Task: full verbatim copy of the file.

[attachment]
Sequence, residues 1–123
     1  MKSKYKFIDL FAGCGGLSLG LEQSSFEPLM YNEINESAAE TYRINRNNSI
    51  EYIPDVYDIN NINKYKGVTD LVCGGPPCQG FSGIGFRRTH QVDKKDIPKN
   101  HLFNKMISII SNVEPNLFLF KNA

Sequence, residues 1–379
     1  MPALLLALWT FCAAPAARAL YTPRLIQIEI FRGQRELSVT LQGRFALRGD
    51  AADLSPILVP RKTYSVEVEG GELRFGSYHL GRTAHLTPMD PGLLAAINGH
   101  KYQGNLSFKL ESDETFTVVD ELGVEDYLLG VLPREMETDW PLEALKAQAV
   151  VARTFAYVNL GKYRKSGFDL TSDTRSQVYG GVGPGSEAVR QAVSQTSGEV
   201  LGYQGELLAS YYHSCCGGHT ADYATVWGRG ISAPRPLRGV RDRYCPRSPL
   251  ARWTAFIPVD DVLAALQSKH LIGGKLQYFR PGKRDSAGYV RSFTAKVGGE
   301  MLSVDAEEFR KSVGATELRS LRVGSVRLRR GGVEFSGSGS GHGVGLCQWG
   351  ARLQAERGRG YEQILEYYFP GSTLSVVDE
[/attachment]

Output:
Sequence, residues 1–123
     1  MKSKYKFIDL FAGCGGLSLG LEQSSFEPLM YNEINESAAE TYRINRNNSI
    51  EYIPDVYDIN NINKYKGVTD LVCGGPPCQG FSGIGFRRTH QVDKKDIPKN
   101  HLFNKMISII SNVEPNLFLF KNA

Sequence, residues 1–379
     1  MPALLLALWT FCAAPAARAL YTPRLIQIEI FRGQRELSVT LQGRFALRGD
    51  AADLSPILVP RKTYSVEVEG GELRFGSYHL GRTAHLTPMD PGLLAAINGH
   101  KYQGNLSFKL ESDETFTVVD ELGVEDYLLG VLPREMETDW PLEALKAQAV
   151  VARTFAYVNL GKYRKSGFDL TSDTRSQVYG GVGPGSEAVR QAVSQTSGEV
   201  LGYQGELLAS YYHSCCGGHT ADYATVWGRG ISAPRPLRGV RDRYCPRSPL
   251  ARWTAFIPVD DVLAALQSKH LIGGKLQYFR PGKRDSAGYV RSFTAKVGGE
   301  MLSVDAEEFR KSVGATELRS LRVGSVRLRR GGVEFSGSGS GHGVGLCQWG
   351  ARLQAERGRG YEQILEYYFP GSTLSVVDE